Monday, June 20

Cubic Lock

These are the four pieces of Cubic Lock by Goh Pit Khiam as realized in exotic woods by Brian Menold. A union of the two pieces on the left (top, the key made up of 10 cubies; bottom, 9 cubies) is inserted into a union of the two pieces on the right (top, 23 cubies; bottom, 19 cubies) and by means of a strategic to-and-fro of the key, the pieces are shifted into place. It's not obvious that the finished 4*4*4 cube has an internal void until one counts and adds those cubies. A good show-off puzzle as one is unlikely to forget the assembly once one has put it together a few times.

Wednesday, June 8

The wall

I went to Raymore Park (on the other side of the Humber river) last Friday to see what progress had been made on the erosion-control retaining-wall they were putting in place (on my side of the river). Contrary to the intelligence in my previous entry on this, I can now see that the wall will not be so much "on top of the now-in-the-river foundation" as I had supposed but (rather) much higher and more-closely hugging the slope bedrock — which is actually being exposed for a more stable conglomeration. And that storm drain interruption will end up being a barrier to my ever walking along the full length of the wall. At any rate (depending on the wall-top width), it may be too high to be safe. The bits of white floating through the air (more evident in the second photo) is tree fluff.

Monday, May 23

577, 5569, ...

This incipient-sequence comment in T.D. Noe's A138290 recently caught my eye. So, prime p such that 2^(p+1)-2^q-1 is composite for all positive q < p. Carlos Rivera had it published as Puzzle 437 in 2008. Therein, Giovanni Resta notes that he had checked up to 15373 without finding a third term. All of my processors were busy of course but I hadn't been using Catherine's computer in a while (too slow for my needs), so...

This morning (after several weeks of number crunching) I noticed that her machine had come up with the third term: 29251. To give you an idea of the computing involved: on my latest iMac, p = 577 (174-digit numbers) verified compositeness for all terms immediately; p = 5569 (1677-digit numbers) took a minute; and p = 29251 (8806-digit numbers) needed more than four hours! Alas, I'm still one term shy of a new OEIS sequence contribution.

Monday, May 9

Mount Dennis

The part of Toronto in which I live used to be a town called Weston. I live in the south part of Weston, just northwest of a community called Mount Dennis. This photograph was taken in the very northern part thereof, looking down Weston Road towards Toronto's CN Tower. My camera is at maximum zoom, giving the intersection at Jane Street (200 meters away) and the streetscape beyond a seriously foreshortened look. The Tower is 10.8 km distant. I was on my way to Jane's Walk.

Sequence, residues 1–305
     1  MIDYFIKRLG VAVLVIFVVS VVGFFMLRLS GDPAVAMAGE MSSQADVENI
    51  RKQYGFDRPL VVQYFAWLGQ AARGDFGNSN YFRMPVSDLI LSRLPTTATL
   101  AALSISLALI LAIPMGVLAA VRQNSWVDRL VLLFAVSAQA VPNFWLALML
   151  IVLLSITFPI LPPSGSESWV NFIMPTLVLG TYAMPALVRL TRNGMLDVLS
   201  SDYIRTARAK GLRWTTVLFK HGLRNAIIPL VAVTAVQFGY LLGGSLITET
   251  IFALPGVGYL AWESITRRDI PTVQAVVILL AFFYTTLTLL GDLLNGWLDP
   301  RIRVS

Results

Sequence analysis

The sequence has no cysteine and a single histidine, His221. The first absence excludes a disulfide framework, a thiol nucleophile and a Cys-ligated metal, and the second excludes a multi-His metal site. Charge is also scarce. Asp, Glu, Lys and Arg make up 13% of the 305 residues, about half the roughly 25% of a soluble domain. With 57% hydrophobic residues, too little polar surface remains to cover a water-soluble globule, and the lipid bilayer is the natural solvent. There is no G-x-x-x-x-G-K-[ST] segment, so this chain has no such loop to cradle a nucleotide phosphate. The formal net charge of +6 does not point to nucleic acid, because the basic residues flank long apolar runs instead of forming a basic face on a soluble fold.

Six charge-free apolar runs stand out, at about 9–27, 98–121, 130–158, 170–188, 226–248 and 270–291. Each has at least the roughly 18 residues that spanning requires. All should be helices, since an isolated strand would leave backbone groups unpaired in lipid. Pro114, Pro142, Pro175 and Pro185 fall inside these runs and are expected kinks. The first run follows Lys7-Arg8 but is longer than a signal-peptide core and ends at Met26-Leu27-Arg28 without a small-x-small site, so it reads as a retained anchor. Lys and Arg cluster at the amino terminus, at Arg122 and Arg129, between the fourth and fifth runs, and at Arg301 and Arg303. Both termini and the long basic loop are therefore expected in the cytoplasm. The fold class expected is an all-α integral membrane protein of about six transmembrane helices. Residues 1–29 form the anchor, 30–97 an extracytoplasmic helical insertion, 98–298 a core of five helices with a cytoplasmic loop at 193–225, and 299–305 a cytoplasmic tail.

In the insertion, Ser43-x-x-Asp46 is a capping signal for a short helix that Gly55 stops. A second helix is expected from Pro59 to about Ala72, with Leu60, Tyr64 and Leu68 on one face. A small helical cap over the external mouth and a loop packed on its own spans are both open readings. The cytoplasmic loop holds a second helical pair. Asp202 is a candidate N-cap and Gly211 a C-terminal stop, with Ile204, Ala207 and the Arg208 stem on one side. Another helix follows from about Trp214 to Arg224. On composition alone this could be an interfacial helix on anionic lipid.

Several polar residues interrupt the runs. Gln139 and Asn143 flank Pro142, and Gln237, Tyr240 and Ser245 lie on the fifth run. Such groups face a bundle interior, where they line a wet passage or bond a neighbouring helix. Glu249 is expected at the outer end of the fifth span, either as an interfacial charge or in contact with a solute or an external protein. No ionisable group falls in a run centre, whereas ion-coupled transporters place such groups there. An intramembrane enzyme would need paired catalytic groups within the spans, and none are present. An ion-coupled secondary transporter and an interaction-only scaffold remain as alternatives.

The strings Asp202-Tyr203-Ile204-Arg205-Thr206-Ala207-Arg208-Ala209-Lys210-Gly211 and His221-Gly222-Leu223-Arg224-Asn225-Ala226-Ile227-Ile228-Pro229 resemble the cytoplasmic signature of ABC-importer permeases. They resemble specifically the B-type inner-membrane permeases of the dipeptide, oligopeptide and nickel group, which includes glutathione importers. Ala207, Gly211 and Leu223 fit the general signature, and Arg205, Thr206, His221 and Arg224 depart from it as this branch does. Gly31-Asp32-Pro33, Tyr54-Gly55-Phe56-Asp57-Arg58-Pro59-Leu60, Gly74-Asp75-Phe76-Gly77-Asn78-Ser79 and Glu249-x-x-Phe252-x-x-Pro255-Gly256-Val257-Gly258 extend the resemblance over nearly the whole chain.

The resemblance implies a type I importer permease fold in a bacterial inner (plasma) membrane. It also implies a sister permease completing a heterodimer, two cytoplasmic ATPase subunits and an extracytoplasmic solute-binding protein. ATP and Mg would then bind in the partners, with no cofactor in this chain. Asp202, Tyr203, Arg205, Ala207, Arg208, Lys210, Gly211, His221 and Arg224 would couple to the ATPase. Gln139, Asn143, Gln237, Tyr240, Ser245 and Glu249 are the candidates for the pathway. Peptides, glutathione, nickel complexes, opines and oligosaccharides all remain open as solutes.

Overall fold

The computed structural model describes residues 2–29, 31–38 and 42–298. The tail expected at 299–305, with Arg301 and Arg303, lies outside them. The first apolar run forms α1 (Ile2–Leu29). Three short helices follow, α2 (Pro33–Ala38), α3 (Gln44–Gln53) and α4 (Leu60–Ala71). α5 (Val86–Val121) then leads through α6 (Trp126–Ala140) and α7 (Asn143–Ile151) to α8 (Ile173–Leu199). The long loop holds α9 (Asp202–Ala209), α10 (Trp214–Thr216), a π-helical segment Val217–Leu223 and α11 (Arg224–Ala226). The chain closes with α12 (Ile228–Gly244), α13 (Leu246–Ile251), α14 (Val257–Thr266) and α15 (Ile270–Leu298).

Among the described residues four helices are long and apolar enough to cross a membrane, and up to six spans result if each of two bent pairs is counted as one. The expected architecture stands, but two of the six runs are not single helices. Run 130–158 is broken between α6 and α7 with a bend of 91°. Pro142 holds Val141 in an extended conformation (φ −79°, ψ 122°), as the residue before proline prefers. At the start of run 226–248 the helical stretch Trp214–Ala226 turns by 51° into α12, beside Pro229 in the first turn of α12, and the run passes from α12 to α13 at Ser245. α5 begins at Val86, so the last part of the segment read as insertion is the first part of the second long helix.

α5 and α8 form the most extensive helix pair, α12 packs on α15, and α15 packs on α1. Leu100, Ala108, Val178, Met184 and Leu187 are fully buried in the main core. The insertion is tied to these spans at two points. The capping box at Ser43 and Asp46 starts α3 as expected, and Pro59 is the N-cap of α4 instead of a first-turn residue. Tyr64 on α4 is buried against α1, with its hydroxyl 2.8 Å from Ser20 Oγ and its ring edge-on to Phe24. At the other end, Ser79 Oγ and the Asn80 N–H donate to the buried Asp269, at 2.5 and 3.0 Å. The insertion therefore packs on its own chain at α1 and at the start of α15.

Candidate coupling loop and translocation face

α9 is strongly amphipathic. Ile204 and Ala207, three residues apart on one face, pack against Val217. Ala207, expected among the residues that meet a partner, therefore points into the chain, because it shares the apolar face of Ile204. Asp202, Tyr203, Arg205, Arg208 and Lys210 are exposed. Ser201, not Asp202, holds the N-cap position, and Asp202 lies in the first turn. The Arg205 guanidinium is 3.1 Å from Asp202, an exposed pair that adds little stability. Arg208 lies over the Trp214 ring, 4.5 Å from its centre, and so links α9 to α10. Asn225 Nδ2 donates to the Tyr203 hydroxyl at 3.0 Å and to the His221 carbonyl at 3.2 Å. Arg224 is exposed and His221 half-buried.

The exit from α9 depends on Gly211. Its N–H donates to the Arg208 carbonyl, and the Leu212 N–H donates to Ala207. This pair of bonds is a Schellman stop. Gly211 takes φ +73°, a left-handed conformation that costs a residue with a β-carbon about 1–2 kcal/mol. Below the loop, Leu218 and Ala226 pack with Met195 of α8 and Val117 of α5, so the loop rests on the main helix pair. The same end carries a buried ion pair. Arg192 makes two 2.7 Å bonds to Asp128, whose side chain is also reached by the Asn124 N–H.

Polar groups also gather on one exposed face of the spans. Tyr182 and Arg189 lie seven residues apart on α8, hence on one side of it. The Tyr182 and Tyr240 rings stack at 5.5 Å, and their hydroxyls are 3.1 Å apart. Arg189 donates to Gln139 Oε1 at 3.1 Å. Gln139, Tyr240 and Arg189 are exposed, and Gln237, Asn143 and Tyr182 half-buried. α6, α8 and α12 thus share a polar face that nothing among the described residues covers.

Thursday, April 21

Humber river retaining wall

When I speculated one month ago that the current armourstone toe of the valley slope on the east side of the Humber river (not far from my home) was going to be replaced with a higher version, I wasn't entirely correct. It may end up being higher but (more importantly) it will also be further into the river.

Roy Murray continues his Raymore Park updates on the construction (March 30, April 12, April 18, and a follow-up). In the last of these he lets on that the retaining wall will end up on top of the now-in-the-river foundation! This is actually good news for my side of the river because it means that I might be able to access this new stretch of real estate from the south (behind Denison Park) and walk it up to the footbridge (across the river) that lies beyond. Of course Roy worries that the now-narrower river channel will negatively impact his side of the river during flood events. Here's a bird's-eye Apple Maps view of the area (I've put a red square around my house):

Saturday, April 9

8613, ...

In numbers of the form 2^n-2^m-1, m<n-1, for what values of n is the sum of the values of m for which that number is prime equal to n?

Tuesday, April 5

She said, he said

On page 20 of the 23 November 1939 Cleveland Plain Dealer is a Good Morning from Claire MacMurray column called "Thanksgiving Nightmare" which tells the tale of a "Mrs. Amos Pinchot" writing a bit of verse whilst in a dream state:

Hogamus Higamus
Men are Polygamous
Higamus Hogamus
Women Monogamous

The men/women being polygamous/monogamous was certainly nothing new. A Google Books search finds references going back into the 1800s. What was new are the two words hogamus and higamus. Who coined them?

The Reader's Digest reprinted the poem and its origin in its May 1940 issue, giving the nonsense words wide circulation. Any attribution to folk after this date is therefore moot. No one appears to have come out of the woodwork to say: Hey, that's my misappropriated poetry! But we do have something else — someone suggesting that Claire MacMurray lied about the poem's authorship.